Trade wars: Easy to win?

The trade war between the US (or rather the Trump Administration) and China (or rather Xi Jinping) is heating up again. The standard view seems to be that, because of the massive imbalance in merchandise trade between the two countries, Trump has the advantage. China could retaliate by dumping US bonds, but this is seen as a weapon too dangerous to use.

I don’t think this exhausts the options. As we’ve seen in Australia, the Chinese government can do all sorts of things to retaliate against nationals of a country that has offended them. That might, however, be an option confined to bit players like Australia.

If I were advising Xi on retaliation against Trump, I’d suggest looking at services where the balance is strongly in favor of the US. An obvious starting point would be tourism. A travel advisory, suggesting that the US is a dangerous place for Chinese tourists to visit, and implying that such visitors might face adverse consequences on their return would be an obvious choice. It would cause instant economic pain, be easily reversible and could be justified by pointing to the example of the US embargo on Cuba.

A more hopeful, and probably more likely, outcome is that China will play for time until 2020, when Trump will come under pressure in US farm states, or until 2021 when (more likely than not) he will be gone altogether.

Trade wars aren’t, as Trump suggests, easy to win. But they are nowhere near as destructive as real wars. We should be more concerned about the hawks in the foreign policy establishment, spoiling for a fight over the South China Sea, than about tariffs on TVs and soybeans.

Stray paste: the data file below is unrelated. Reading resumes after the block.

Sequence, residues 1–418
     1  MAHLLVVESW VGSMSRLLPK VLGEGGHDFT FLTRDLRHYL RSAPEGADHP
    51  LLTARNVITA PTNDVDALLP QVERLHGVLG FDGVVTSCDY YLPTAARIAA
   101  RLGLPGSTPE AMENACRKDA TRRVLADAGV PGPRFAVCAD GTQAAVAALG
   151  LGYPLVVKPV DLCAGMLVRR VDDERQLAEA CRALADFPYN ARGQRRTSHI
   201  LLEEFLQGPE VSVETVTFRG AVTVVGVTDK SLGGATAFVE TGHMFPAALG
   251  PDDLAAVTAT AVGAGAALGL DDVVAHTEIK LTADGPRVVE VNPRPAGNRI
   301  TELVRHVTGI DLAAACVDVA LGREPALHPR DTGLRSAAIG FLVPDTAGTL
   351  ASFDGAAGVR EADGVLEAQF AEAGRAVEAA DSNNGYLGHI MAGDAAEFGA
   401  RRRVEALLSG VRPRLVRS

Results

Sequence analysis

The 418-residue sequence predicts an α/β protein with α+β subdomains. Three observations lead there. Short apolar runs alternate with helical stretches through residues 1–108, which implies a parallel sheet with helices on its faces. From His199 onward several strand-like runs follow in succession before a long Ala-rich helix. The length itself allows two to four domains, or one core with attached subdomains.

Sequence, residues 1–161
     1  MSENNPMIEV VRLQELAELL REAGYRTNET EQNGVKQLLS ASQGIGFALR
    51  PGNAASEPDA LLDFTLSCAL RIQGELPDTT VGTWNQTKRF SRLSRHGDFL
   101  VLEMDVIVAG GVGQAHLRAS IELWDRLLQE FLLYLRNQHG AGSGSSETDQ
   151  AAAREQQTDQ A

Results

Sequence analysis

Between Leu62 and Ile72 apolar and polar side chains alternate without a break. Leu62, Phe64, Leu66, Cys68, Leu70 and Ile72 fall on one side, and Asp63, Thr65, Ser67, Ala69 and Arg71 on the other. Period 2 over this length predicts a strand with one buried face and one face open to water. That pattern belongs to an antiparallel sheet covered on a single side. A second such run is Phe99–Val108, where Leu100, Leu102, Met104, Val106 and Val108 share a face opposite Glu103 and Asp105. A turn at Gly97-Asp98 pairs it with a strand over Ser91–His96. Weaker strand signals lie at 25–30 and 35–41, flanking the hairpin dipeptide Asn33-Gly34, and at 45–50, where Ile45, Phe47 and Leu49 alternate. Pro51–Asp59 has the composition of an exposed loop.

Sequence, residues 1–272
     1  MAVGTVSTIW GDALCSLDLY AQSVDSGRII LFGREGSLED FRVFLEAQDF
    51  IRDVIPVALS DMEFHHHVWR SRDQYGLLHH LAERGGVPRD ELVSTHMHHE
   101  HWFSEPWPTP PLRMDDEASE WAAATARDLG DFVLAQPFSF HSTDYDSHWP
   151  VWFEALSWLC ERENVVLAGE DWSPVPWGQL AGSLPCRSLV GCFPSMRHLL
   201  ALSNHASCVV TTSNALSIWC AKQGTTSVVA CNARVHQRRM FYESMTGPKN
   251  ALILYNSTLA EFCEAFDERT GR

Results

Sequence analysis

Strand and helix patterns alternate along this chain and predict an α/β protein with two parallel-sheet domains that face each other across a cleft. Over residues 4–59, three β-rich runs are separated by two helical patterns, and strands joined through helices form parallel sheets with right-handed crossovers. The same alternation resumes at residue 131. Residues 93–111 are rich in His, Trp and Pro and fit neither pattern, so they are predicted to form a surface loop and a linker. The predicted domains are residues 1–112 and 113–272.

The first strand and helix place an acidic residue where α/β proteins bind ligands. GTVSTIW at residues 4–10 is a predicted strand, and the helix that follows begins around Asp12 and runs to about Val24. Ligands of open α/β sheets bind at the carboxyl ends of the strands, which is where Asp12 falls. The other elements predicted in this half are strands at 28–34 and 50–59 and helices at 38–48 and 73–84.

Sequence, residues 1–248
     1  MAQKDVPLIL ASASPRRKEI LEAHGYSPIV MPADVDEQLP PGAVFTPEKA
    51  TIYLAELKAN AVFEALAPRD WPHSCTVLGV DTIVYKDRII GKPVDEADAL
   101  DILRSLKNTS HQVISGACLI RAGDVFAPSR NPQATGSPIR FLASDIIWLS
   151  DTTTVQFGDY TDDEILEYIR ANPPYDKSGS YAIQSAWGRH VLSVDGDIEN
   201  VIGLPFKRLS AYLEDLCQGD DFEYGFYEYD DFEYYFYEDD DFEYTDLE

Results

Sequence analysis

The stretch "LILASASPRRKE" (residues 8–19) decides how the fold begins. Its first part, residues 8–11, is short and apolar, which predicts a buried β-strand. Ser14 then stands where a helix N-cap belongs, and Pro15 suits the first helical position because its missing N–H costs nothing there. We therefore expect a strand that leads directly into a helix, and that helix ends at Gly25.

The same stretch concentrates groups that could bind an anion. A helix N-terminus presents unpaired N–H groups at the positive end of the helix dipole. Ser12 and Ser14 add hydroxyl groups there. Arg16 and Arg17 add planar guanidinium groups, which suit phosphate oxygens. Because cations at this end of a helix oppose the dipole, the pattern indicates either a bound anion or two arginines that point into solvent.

Evidence and conventional wisdom

I’ve been looking over some posts from the bright dawn days of blogging in the early 2000s. One thing that struck me is that some ideas I put forward as unconventional but evidence based, are now fairly widely accepted. In view of the widespread, and justified, concern about a post-truth era, this seems encouraging, and worth investigating. A few examples

  • In this post on equality of opportunity from 2003, I noted that “contrary to popular belief, there is less mobility between income classes in the United States than in European social democracies.” I was drawing on a 1999 book, The Real Worlds of Welfare Capitalism by Goodin, Headey Muffels and Dirven, which I’d reviewed a couple of years previously. In 2009, when I started work on Zombie Economics, I wrote about this again. However, I soon realised I was pushing at an open door. The decline of social mobility in the US had become part of the conventional wisdom.
  • In 2004, some of the first studies of charter schools were coming out, showing that, contrary to the widely-shared expectations of education reformers, they weren’t showing any clear gains in student performance. I wrote about this fairly cautiously, noting that studies of this kind often fail to find any effect. As it turned out, however, the findings were replicated, particularly in the case of for-profit schools. This piece in the Washington Post (which used to be associated in some way with the for-profit testing industry, IIRC) shows how much the tide has turned against charters, and even more against for-profits.
  • Here’s a post on minimum wages, drawing on the work of David Card and Alan Krueger (whose tragic death recently was a big loss to the economics profession). from the early 1990s. By then, the formerly orthodox view that minimum wages had big negative effects on employment was sufficiently out of favour to be revived in Slate (then famous, or notorious, for “contrarian” views that generally tended to support the establishment).